2.3- Species Alpinia galanga - Greater galangal + Overview Alpinia galanga, (also Languas galanga), a plant in the ginger family, is an herb used in cooking, especially in Indonesian and Thai cuisines. It is one of four plants known as galangal, and is differentiated from the others with the common name greater galangal (or simply Thai galangal). The galangals are also called blue ginger or Thai ginger. Alpinia galanga is called laos in Indonesian and is the most common form of galangal used in cooking. It is also known as lengkuas and galanga root. In Myanmar, it is called pa de kaw. + Description The plant grows from rhizomes in clumps of stiff stalks up to 2 m in height with abundant long leaves which bear red fruit. It is native to South Asia and Indonesia. It is cultivated in Malaysia, Laos, and Thailand. A. galanga is the galangal used most often in cookery. The robust rhizome has a sharp, sweet taste and smells like a blend of black pepper and pine needles. The red fruit is used in traditional Chinese medicine and has a flavor similar to cardamom. + Culinary uses The rhizome is a common ingredient in Thai curries and soups, where it is used fresh in chunks or cut into thin slices, mashed and mixed into curry paste. Indonesian rendang is usually spiced with galangal. + Traditional medicine Under the names 'chewing John', 'little John to chew', and 'court case root', it is used in African Americanfolk medicine and hoodoofolk magic. Ayurveda considers A. galanga (Sanskrit:-rasna) as a Vata Shamana drug. Known as perarathai in Tamil, this form of ginger is used with licorice root, called in Tamil athi-mathuram (Glycyrrhiza glabra) as folk medicine for colds and sore throats.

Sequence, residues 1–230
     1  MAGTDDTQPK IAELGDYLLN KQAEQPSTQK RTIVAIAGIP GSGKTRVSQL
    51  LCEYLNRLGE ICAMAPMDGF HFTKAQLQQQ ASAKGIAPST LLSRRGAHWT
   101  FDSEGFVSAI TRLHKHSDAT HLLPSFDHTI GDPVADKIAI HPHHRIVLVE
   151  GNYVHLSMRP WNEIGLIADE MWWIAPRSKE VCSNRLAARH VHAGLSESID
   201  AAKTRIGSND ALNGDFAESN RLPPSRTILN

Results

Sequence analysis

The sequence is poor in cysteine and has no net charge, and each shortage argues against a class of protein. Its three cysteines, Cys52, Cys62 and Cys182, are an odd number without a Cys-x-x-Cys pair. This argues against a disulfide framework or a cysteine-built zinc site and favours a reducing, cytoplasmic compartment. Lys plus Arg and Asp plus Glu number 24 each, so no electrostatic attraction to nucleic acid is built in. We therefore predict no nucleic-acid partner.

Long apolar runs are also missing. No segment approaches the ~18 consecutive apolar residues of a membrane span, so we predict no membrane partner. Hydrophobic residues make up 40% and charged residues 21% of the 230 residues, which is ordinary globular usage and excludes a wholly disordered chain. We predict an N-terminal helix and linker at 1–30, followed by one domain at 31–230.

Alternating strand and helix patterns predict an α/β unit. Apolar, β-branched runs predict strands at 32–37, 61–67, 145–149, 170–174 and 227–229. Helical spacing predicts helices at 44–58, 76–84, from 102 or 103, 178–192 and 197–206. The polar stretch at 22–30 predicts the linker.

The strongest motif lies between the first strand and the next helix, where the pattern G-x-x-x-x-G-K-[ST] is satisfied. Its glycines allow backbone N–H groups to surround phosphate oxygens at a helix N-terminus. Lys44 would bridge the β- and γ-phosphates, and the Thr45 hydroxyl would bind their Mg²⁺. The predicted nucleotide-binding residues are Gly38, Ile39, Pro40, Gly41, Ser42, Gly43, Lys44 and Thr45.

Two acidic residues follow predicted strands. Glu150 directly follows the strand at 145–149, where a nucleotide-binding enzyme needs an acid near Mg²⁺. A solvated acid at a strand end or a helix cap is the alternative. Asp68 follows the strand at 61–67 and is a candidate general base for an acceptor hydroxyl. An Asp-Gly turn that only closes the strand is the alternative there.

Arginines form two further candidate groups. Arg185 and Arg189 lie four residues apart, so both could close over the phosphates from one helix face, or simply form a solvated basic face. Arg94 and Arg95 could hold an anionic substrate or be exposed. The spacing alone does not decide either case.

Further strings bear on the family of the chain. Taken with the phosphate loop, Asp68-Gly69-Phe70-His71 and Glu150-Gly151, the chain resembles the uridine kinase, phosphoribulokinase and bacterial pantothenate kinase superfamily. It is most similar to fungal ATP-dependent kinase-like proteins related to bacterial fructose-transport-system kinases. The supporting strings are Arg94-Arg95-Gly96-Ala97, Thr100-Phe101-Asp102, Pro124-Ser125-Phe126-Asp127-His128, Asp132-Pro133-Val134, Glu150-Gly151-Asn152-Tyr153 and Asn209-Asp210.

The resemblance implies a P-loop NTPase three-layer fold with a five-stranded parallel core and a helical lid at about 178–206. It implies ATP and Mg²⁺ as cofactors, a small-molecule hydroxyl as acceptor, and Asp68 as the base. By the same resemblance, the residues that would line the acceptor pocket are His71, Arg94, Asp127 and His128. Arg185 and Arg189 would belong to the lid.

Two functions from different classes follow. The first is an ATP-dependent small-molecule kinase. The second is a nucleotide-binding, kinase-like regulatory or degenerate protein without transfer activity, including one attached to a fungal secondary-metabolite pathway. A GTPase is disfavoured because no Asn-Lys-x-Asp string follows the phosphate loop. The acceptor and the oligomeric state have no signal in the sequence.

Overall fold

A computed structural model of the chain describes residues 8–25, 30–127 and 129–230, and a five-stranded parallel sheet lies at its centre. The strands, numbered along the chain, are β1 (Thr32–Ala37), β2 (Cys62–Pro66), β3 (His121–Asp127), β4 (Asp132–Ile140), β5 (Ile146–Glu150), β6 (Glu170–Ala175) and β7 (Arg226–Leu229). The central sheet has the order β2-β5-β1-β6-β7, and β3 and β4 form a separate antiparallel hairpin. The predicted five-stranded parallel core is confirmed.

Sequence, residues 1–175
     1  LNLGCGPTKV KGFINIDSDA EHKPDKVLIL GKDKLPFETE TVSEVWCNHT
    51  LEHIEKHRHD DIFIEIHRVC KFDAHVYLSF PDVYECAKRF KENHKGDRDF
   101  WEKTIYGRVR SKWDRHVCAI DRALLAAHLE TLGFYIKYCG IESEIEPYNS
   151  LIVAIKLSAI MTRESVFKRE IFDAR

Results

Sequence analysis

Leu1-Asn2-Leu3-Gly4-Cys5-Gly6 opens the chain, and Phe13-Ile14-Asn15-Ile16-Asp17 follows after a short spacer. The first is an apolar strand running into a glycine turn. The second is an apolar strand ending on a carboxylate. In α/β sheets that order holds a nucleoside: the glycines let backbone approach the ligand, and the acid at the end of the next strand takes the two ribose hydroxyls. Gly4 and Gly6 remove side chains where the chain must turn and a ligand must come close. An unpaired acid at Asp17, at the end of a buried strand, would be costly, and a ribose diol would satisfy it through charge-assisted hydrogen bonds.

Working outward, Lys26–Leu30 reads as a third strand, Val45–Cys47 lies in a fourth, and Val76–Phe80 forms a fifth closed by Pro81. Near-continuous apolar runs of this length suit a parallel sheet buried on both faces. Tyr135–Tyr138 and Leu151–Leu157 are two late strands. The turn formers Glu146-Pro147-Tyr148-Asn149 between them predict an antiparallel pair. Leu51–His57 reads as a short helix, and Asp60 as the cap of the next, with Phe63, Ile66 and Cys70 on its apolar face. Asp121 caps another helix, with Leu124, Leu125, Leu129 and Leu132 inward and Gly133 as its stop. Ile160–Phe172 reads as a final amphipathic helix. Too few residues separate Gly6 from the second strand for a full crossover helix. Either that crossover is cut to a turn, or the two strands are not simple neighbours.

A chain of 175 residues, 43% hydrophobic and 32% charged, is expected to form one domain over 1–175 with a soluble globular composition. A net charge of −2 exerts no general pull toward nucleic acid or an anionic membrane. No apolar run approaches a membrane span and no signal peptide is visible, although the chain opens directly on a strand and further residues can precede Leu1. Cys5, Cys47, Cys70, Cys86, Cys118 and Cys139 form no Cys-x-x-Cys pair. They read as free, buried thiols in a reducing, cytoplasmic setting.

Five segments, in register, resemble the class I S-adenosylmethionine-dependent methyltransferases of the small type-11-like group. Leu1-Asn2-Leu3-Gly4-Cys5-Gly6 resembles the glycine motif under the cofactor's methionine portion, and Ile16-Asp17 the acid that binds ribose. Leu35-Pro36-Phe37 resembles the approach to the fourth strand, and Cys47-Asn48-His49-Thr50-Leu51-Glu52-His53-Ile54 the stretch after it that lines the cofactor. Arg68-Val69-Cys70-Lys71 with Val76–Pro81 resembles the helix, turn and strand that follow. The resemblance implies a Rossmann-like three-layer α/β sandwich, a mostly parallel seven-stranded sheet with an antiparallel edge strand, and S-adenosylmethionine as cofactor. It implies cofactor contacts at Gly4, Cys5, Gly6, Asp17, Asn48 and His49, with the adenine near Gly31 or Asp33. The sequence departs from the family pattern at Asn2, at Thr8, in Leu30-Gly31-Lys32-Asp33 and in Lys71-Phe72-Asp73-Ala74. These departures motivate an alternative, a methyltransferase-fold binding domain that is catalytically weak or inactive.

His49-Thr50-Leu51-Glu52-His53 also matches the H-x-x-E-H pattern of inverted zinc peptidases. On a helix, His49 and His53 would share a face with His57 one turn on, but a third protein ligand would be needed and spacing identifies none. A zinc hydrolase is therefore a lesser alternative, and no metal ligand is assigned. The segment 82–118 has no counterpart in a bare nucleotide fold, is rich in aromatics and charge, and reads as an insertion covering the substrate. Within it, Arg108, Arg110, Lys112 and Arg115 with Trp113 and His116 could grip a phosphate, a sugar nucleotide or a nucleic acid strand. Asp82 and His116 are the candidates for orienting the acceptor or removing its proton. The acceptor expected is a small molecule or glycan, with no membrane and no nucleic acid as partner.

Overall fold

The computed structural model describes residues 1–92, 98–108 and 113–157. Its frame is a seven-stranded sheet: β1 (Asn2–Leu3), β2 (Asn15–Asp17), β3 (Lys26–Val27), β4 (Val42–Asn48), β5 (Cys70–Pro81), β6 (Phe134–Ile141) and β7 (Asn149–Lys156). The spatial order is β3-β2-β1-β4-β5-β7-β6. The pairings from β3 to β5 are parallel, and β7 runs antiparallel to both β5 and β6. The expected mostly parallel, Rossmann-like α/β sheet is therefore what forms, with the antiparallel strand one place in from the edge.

2.4- Species Alpinia malaccensis - Rathkihiriya + Overview Alpinia malaccensis is a plant in the Zingiberaceae family cultivated for ornamental and medicinal purposes. It is a native of Indonesia and Malaysia. An oil is obtained from dried rhizome. It has many medicinal properties. Synonyms Buekia malaccensis (Burm.f.) Raeusch. Catimbium malaccense (Burm.f.) Holttum Costus malaccensis Koenig Languas malaccensis (Burm.f.) Merr. Maranta malaccensis Burm.f. + Description Alpinia malaccensis is from Indonesia and Malaysia. It grows to over 4 meters tall. Its slow to spread sideways. This beautiful tropical plant is becoming a popular tropical house plant as well as a landscape plant in warmer climates. It will become a very beautiful, elegant plant. Those are very rare seeds. In November and December the flowers emerge above the leaves enclosed in a conical sheath which splits to reveal a sumptuous cluster of fat pink and white buds. Arranged like a Christmas tree, the lowest ones open first to reveal a yellow, mouth-like interior, vividly veined in bright red. The leaves are olive green, subtly striped with lime green lines, silky hairy beneath, reaching almost 1 meter long. Hardiness zones 8-11, (5ºC/40ºF, -10ºC/15ºF) in Winter. It won't flower if it gets frost. The plant will die back with freezing temperatures. In cold climates, rhizomes can be dug up and stored indoors for the Winter in vermiculite. As a houseplant, it must have bright light and humid conditions. They do well in any good garden soil that is rich in organic matter, and regular feeding with a balanced fertilizer will keep this plant healthy. This plant usually has few pest problems but the leaves will brown on the edges if the soil is not kept moist or if touched by frost. Requires consistently moist soil; do not let dry out between waterings. Part shade is ideal for this plant, it appreciates some afternoon shade in hot Summer climates.